Nepali politics is becoming devoid of principles, ethics and ideologiesBeneath the veneer of their high-sounding claims of fighting for the system and democratic norms and values lies politicians’ insatiable desire to attain power and control.
Tika R Pradhan
A Parliamentary Party meeting of the Communist Party of Nepal (Maoist Centre) on March 16 decided to demand Prime Minister KP Sharma Oli’s resignation.
The Maoist Centre, which had merged with the CPN-UML, was revived by the Supreme Court on March 7 after a divisional bench of justices scrapped the Nepal Communist Party (NCP). The party was born out of a merger between the UML and the Maoist Centre in May 2018.
“Prime Minister Oli must resign on moral grounds since the Supreme Court overturned his decision to dissolve the House of Representatives,” Barshaman Pun, a Maoist lawmaker, told the media after the March 16 Parliamentary Party meeting of his party. “The meeting has decided to demand his resignation.”
With the revival of the UML, senior leader Madhav Kumar Nepal, a former prime minister, was left with no option than to return to his mother party.
Now a conflict is brewing in the UML, with Oli consolidating power in a bid to drive Nepal and some leaders into a corner.
Oli has been constantly challenging his opponents to come up with a no-confidence motion if they can.
The Maoist Centre, which currently has 49 members (four are with Oli) in the House, however, is saying that withdrawing support to Oli will allow him one whole month, as he has to seek a vote of confidence within 30 days. Maoist Centre leaders fear if Oli manages to rope in even the Janata Samajbadi Party, which currently has 32 seats in Parliament, he will survive, thereby leaving them scrambling.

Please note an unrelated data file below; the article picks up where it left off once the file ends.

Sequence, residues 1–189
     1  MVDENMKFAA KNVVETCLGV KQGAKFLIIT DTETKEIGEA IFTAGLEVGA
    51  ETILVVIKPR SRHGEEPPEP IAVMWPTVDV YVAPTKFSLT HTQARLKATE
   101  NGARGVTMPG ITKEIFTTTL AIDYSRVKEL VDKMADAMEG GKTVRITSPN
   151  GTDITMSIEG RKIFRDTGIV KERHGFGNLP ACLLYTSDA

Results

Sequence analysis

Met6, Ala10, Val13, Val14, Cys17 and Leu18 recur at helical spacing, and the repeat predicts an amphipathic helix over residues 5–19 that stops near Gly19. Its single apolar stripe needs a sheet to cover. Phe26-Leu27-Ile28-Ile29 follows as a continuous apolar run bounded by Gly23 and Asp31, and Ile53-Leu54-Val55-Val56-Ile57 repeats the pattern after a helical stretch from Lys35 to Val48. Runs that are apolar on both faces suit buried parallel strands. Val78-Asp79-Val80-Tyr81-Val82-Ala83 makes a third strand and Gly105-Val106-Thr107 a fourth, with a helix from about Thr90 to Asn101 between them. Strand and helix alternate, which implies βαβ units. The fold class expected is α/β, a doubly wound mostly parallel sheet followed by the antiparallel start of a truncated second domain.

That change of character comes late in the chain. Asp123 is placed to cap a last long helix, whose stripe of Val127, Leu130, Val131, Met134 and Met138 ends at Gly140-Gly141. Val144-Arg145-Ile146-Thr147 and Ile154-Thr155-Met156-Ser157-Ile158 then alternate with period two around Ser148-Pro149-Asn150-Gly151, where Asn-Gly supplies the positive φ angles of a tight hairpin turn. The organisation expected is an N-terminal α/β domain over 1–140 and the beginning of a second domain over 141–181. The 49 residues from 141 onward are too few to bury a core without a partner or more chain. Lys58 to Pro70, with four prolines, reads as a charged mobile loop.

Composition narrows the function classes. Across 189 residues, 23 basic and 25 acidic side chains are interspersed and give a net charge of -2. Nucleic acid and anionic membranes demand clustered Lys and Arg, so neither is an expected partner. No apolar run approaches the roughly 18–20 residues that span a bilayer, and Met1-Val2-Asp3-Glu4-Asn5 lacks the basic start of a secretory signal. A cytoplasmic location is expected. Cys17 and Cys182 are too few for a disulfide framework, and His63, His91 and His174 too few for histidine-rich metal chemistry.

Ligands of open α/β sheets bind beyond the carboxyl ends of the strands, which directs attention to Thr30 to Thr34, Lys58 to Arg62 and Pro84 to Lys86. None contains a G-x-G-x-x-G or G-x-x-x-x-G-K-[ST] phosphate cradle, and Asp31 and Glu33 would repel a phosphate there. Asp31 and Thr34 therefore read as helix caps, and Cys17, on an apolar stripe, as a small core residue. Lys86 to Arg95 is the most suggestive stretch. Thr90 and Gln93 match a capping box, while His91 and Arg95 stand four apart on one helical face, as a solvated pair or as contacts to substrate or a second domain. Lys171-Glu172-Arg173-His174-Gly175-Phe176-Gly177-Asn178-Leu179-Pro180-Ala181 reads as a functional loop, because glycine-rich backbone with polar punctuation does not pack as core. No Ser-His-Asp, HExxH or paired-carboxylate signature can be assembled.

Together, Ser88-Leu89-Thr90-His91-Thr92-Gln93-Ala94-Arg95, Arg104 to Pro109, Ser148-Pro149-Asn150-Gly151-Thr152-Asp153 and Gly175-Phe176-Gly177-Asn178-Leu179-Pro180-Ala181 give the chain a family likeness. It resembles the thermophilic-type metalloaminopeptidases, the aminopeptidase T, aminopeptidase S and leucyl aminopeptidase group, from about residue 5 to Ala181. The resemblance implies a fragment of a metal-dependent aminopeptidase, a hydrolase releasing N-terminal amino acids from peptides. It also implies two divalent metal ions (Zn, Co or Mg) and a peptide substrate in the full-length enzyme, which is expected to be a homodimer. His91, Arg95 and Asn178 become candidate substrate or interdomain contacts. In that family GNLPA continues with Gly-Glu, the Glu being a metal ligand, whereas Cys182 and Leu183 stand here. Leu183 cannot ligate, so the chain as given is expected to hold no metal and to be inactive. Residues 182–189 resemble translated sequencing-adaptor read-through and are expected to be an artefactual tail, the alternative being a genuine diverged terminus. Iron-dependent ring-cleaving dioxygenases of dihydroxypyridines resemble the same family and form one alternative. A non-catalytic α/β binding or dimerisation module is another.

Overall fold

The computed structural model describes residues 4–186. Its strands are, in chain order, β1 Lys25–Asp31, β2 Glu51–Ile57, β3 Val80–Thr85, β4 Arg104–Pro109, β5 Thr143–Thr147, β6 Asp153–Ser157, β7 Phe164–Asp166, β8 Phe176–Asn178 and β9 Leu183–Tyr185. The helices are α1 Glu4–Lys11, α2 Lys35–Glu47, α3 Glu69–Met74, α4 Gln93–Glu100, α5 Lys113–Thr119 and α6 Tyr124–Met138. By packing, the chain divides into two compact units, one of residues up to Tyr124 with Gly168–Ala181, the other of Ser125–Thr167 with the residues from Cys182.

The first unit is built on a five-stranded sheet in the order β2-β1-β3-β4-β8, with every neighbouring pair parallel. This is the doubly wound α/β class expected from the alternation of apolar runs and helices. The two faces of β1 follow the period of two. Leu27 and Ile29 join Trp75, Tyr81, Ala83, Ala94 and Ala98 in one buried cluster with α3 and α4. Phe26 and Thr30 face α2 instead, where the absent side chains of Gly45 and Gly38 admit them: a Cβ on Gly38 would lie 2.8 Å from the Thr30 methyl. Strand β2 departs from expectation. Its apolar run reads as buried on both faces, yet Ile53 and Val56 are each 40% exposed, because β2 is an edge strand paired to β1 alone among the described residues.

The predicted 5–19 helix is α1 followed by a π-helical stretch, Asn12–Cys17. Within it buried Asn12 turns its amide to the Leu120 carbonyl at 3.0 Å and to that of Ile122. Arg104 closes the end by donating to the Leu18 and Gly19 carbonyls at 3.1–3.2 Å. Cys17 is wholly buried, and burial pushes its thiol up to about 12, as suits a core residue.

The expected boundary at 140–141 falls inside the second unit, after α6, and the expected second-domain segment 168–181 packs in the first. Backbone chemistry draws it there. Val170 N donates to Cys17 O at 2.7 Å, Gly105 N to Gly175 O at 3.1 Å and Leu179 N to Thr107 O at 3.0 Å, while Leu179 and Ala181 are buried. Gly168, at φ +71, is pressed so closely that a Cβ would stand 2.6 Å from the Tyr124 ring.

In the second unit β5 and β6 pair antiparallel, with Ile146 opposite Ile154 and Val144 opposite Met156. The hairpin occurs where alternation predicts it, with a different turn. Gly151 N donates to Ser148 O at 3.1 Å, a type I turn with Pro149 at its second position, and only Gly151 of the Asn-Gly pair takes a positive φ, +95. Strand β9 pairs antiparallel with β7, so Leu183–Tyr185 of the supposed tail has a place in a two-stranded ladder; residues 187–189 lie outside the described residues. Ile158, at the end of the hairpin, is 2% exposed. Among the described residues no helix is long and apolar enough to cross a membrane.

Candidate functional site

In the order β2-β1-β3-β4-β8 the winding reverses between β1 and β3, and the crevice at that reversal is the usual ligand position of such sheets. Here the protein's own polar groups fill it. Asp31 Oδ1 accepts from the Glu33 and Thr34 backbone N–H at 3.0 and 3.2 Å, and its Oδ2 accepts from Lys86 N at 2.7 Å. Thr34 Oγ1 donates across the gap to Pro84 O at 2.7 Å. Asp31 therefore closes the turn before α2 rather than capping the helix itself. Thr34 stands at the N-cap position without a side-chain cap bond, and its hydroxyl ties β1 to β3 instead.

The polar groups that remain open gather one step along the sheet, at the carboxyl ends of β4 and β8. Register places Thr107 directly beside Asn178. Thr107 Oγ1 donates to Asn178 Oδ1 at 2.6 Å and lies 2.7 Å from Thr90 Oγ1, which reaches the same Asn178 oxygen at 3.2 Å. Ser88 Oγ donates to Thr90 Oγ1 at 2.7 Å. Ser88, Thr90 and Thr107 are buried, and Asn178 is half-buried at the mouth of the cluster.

“We don’t want to be the cause of instability as we have been fighting for stability for so long,” said Haribol Gajurel, a Standing Committee member and lawmaker of the Maoist Centre. “We have not decided to withdraw support to Oli as such a move without ensuring an alternative government could lead to political instability.”
The other way Oli will have to capitulate is that the Nepal faction takes a bold decision to defect, at the cost of losing their lawmakers’ post. There are around 40 lawmakers from the Nepal faction and Oli controls around 80 lawmakers.
The UML had won 121 seats in the 2017 elections.
The Nepal faction leaders and lawmakers, however, are hesitant to make a move.
Political analysts say the way Maoist chair Pushpa Kamal Dahal had upped the rhetoric against Oli after the House dissolution, he should have by now withdrawn support to the government. And Nepal, who had sided with Dahal to force Oli to resign, should have taken a bold political move, according to them.
Shyam Shrestha, a political commentator who has followed Nepal’s leftist politics for decades, says the recent turn of events has once again exposed that Nepali politicians don’t believe in ethical politics.
“It looked like both Dahal and Nepal were fighting for the system, procedure, ideology and principles when Oli dissolved the House,” Shrestha told the Post. “But it has now become apparent that it was just rhetoric; their interest was in their personal and political gains.”
When the Supreme Court on February 23 overturned Oli’s House dissolution decision calling it unconstitutional, it asked authorities to call a meeting of the House within 13 days. Accordingly, the House meeting was called for March 7. Over the last two weeks, the House has been without a business.
Among the public, the understanding was those who were demanding Oli’s resignation would use the Parliament to make him step down.
But neither Dahal nor Nepal has shown any signs of doing so.
Political observers say while Oli faces moral questions for failing to step down despite the court overturning his House dissolution decision, the Nepal faction as well as the Maoist Centre too face similar questions.